Queen Elizabeth is running this show. The men in her court should be thinking about how to add to the glory of the Elizabethan Age and how to foil those pesky Spanish who got far too much ... See full summary »
William K. Howard
Planet Earth is a devastated wasteland, and what's left of humanity has colonized the Moon in domed cities. Humanity's continued survival depends on an anti-radiation drug only available on... See full summary »
An atomic scientist is found floating in a river with a bullet in his back and a radioactive halo around his body. The radioactivity has put him seven-and-a-half seconds ahead of us in time... See full summary »
Captain Lovett ordered his first mate Thompson to get rid of his slave-trading crew and get a more respectable bunch for standard shipping, but when he brings his new bride Nancy aboard he ... See full summary »
In this romantic tale Paderewski, the famed pianist, and two other plane crash survivors are guests of a Swedish baroness. Interwoven throughout this gentle and charming story are exquisite... See full summary »
Ignacy Jan Paderewski,
Quiet and somewhat direction-less, Alfred Polly uses the money he inherits from his father to marry and to set up shop in a small town. His heart is in neither of these enterprises and he ... See full summary »
Sally Ann Howes,
Betty Ann Davies
Two brothers-in-law hate each other but, for business interests, they want their respective son and daughter to marry. The young fiancées are not in agreement, as the boy has a happy ... See full summary »
George McWhirter Fotheringay, while vigorously asserting the impossibility of miracles, suddenly discovers that he can perform them. After being thrown out of a bar for what is thought to be a trick, he tests his powers and eventually sends a policeman to Hades by accident. Worried, he sends the police officer to San Francisco, and seeks advice from the local clergyman, Mr Maydig. Maydig, after having Fotheringay's powers demonstrated to him, quickly planning for reform of the world by means of miracle, but eventually Fotheringay orders a miracle which, due to clumsy wording, backfires. He relinquishes his power and returns to the time before he had it. Written by
Anthony Pereyra <firstname.lastname@example.org>
Col. Winstanley, who was obviously meant to be the "old colonel", describes George Fotheringay as being young, but Ralph Richardson, who played him, was 35 years old - 15 years younger than Roland Young, who played Mr. Fotheringay. See more »
The sequence in which the constable is transported to San Francisco was obviously filmed in Los Angeles. See more »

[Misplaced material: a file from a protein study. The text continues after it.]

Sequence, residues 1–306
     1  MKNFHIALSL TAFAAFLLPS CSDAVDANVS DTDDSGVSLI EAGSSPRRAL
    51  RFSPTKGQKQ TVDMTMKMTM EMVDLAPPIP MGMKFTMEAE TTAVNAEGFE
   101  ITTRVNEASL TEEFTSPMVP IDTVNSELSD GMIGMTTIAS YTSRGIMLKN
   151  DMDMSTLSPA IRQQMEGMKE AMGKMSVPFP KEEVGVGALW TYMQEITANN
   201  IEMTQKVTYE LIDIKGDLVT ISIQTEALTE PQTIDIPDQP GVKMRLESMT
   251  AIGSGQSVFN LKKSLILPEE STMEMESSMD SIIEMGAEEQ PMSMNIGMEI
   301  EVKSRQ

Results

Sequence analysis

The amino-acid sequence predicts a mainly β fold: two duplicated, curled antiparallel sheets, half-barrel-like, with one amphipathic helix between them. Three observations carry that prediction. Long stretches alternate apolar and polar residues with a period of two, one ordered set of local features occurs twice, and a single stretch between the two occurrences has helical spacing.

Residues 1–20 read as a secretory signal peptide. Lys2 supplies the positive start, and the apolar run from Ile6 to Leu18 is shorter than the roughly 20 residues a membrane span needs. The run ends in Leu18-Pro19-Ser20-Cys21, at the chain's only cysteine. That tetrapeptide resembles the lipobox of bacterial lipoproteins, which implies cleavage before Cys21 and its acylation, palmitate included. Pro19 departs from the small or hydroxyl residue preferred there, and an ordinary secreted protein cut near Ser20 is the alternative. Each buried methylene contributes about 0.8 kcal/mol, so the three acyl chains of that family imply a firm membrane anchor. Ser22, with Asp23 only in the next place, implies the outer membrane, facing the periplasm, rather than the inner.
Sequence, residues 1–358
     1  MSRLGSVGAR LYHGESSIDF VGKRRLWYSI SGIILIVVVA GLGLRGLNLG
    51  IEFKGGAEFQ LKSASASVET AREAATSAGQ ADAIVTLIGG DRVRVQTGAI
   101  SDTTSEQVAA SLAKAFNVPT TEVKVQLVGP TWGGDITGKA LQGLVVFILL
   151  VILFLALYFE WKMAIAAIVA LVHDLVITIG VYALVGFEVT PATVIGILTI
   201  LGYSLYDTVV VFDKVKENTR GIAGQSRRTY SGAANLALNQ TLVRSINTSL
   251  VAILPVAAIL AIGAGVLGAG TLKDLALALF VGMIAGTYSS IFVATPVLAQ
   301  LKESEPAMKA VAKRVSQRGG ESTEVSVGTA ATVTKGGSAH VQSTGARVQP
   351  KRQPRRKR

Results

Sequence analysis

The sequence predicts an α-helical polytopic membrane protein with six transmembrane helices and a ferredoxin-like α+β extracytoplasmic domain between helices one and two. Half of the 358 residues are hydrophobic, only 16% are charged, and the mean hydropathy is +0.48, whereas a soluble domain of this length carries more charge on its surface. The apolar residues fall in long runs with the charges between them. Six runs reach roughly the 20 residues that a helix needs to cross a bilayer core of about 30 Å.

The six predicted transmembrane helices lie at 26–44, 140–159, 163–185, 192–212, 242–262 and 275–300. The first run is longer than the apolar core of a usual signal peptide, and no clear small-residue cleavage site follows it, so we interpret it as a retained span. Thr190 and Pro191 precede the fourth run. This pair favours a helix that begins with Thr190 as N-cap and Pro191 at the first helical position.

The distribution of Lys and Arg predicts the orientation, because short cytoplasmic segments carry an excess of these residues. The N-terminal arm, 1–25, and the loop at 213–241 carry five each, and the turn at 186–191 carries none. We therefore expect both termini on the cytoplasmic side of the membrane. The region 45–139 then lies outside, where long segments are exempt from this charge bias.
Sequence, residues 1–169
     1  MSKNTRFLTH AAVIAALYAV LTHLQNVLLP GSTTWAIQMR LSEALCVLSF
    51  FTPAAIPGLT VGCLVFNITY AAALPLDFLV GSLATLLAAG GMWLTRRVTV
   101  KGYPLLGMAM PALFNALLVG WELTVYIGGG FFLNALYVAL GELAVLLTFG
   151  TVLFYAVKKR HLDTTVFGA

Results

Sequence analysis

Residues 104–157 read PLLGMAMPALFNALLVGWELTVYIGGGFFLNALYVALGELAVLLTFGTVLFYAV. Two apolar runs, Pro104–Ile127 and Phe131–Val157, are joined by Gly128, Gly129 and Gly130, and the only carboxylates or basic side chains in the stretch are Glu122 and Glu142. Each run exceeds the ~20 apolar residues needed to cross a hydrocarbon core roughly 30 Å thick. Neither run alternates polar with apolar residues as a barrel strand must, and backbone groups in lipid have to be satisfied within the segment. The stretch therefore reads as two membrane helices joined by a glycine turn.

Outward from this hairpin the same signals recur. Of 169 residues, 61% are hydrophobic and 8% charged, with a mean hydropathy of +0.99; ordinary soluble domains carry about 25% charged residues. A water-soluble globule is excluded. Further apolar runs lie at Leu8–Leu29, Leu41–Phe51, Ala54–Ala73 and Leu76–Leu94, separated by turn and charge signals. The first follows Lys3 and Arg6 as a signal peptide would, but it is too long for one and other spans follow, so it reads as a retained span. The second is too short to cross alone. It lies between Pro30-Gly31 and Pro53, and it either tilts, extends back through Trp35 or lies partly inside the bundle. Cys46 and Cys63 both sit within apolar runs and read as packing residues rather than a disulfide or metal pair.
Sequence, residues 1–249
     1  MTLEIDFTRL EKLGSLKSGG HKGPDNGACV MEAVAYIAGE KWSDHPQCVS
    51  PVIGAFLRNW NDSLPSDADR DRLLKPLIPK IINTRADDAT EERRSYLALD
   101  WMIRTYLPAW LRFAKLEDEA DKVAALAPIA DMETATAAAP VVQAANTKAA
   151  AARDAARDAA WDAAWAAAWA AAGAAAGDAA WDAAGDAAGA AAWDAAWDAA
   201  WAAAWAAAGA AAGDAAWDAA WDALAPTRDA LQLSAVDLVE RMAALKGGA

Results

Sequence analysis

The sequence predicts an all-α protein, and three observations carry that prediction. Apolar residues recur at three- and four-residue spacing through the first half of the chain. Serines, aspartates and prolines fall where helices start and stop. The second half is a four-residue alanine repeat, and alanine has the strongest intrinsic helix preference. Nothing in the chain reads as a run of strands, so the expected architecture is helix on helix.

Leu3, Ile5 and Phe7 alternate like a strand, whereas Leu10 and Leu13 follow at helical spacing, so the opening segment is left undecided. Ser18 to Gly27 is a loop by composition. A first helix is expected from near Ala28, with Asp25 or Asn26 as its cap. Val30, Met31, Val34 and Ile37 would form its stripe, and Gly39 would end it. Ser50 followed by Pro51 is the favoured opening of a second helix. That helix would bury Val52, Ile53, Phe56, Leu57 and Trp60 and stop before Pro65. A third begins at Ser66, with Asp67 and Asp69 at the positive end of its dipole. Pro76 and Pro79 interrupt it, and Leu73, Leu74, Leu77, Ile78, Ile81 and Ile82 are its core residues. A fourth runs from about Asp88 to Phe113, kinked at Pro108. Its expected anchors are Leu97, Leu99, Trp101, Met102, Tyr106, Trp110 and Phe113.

What would a world without want be like? The answer has been the subject of countless stories, not a few movies, & every sensitive soul's nighttime sighing for ages. H. G. Wells poses the question by having godlike beings give a department store clerk, George McWhirter Fotheringay, that ability, & watching it evolve, as he bounces from adviser to adviser, from the sexy girl he desires to a retired British Army man.
The film is a treat, especially for those of us accustomed to (& maybe a little bored by) the Star Trek treatment of absolute power conferred on lowly mortals. I don't know much about the history of science fiction in the movies, but Wells goes about everything (he wrote the script, based on his novel) with the fabulous in mind, while adding purely sci-fi touches, which I won't give away.
Fotheringay is no bleeding-heart aching to turn the world into a painless utopia, nor is he a selfish, power-hungry perve, but a nondescript man who takes his time to figure out just what has happened to him before bringing everything to a head. In the meantime, we're given what amounts to a funny English comedy of manners, as well as a peek into a time (& place) where science fiction took a different direction. (For example: if you found out you had miraculous powers, would you tell anyone? I don't think I would. & if you told anyone, wouldn't you imagine the authorities pouncing on you at the first opportunity? Not so in 1930's Essex!)
The ending seems Gene Roddenberry-esque, & perhaps the Star Trek creator admired & shared Wells' humanism; but the film shines with neat-o special effects (some cool stuff, for the time) & a wonderful performance by Roland Young. A must-see for those who like their sci-fi earthbound & thought-provoking.
(My subject line, by the way, refers to anarchy as a form of government in which there are no governments, just self-government; I don't mean it in the common usage of disorder or chaos. The movie touches on the idea that, without their lives being controlled by those in power, who have a vested interest in people needing money & goods, people might find other ways to spend their time - like, for example, in creation.)
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